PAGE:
Behind The Scenes At Penn State: What’s Keeping You Warm This Winter?
If you’ve ever been on the west side of campus and wondered, “What exactly is that power plant over there?”, you’re probably like most Penn State students. It’s a little known fact to students that this plant — along with its counterpart on the east side of campus — is what powers all of Penn State’s steam needs and most of its electrical needs. The West Campus and East Campus Steam Plants are some of the most interesting features Penn State has to offer.
Built in 1929, the West Campus Steam Plant (WCSP) originally produced electricity and steam by burning coal. The coal was originally brought by train via the Bellefonte Central Railroad, which helped passengers and freight alike reach State College. Coal deliveries by train were stopped altogether in 1959, so Penn State started receiving its coal deliveries by truck. These trucks could be seen crowding the streets of State College every day until the steam plant switched to burning natural gas to satisfy an EPA regulation in 2013.
Not only does the West Campus Steam Plant power the University, its counterpart, the East Campus Steam Plant (ECSP), opened in 1972, helps the WCSP also power buildings on campus. According to the Penn State Office of Physical Plant (OPP), the East and West Campus Steam Plants produce the steam and electricity that powers more than 200 campus buildings. On average, the plants produce 100 percent of the University’s steam needs and about 20 percent of its electrical needs and operate at 70 percent efficiency, more than twice as efficient as a commercial power plant.
As a widely recognized research institute in a world where greenhouse gas emissions are running rampant, Penn State long ago decided to take the reigns on helping our environment. According to the OPP, with the plant producing its own electricity and not having to connect to the commercial grid, Penn State saves 45,181 metric tons of greenhouse gases from being polluted into the atmosphere. To put this number into perspective, one metric ton equates to roughly 2,200 pounds, which means 45,181 metric tons is nearly 100 million pounds. The tallest building in the United States, One World Trade Center, standing at 1,776 feet tall, weighs about 40,000 metric tons. So, just by having its own steam plants, Penn State saved the same weight (and then some) of the tallest building in the United States from polluting the air in the form of greenhouse gases. With Penn State’s plan of reducing greenhouse gas emissions by 35 percent by 2020, it is a huge step in becoming a healthier and more sustainable University.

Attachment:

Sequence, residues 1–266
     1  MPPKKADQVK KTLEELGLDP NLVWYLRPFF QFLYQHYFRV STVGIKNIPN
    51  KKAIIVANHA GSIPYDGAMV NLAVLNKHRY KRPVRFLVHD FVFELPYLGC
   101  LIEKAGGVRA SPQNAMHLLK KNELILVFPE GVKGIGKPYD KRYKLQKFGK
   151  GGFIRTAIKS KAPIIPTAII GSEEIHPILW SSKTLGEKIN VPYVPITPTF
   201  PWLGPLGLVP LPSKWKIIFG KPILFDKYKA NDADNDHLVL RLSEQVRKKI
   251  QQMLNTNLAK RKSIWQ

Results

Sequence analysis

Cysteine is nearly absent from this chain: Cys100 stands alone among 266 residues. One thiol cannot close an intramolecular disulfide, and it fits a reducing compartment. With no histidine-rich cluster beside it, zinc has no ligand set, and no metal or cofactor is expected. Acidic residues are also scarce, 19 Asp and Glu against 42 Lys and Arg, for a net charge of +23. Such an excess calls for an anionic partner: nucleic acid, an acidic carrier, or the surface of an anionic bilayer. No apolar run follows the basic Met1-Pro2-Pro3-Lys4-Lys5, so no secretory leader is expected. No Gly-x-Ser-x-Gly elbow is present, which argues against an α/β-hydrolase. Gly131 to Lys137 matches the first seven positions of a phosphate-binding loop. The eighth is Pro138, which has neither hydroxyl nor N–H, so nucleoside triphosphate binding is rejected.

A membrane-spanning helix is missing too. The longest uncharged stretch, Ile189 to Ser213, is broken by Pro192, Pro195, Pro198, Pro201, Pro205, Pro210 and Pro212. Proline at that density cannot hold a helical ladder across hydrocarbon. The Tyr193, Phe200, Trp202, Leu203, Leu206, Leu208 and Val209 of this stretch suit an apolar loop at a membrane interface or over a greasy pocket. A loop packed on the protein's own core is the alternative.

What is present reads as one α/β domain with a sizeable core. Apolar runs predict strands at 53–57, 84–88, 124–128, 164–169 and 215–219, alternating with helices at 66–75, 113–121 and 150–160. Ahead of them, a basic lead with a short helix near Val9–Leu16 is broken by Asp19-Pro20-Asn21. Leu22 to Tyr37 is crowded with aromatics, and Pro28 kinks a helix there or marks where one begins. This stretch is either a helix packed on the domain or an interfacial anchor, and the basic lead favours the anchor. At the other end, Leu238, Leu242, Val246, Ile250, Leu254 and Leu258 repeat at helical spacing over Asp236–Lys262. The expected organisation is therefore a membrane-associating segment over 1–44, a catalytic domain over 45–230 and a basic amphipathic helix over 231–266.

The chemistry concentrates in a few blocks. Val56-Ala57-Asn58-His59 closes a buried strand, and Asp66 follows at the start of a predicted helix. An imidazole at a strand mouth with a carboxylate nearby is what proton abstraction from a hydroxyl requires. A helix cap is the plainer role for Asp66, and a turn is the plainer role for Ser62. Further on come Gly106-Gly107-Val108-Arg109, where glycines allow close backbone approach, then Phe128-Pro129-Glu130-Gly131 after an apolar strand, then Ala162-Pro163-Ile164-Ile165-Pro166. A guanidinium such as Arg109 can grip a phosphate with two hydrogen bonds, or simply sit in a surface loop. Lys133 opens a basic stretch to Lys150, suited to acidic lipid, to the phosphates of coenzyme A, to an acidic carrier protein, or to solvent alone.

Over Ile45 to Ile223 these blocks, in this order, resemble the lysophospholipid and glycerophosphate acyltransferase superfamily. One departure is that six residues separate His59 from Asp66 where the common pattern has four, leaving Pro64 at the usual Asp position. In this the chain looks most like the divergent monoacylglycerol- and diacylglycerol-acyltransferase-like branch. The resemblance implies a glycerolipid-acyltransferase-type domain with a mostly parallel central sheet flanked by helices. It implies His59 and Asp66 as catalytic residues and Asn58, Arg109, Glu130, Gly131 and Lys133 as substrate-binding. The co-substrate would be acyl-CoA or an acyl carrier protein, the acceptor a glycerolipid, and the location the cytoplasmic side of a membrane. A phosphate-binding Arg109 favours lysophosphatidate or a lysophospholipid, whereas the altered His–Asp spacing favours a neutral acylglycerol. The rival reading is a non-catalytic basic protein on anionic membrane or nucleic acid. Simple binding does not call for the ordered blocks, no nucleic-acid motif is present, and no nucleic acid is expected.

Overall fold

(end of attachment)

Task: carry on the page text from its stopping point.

Although many students may walk by the steam plants everyday and spare them a thought, they are the reason those same students aren’t freezing in class. They are also a major reason why Penn State is ranked as one of the greenest colleges in the United States. Of all the sustainability efforts universities have been incorporating lately, Penn State started long ago on its way to a self-sustaining campus, at least in terms of electricity and steam. The ability to be self-sustaining is a major reason why we can all live in a cleaner State College.
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Brian Lewerke’s 25-yard touchdown pass with 19 seconds left sunk the Nittany Lions on Homecoming.
Now that you’ve had a full day to recover from the heartbreaking 21-17 loss to Michigan State, it’s time to relive the other, more successful parts of Homecoming weekend.
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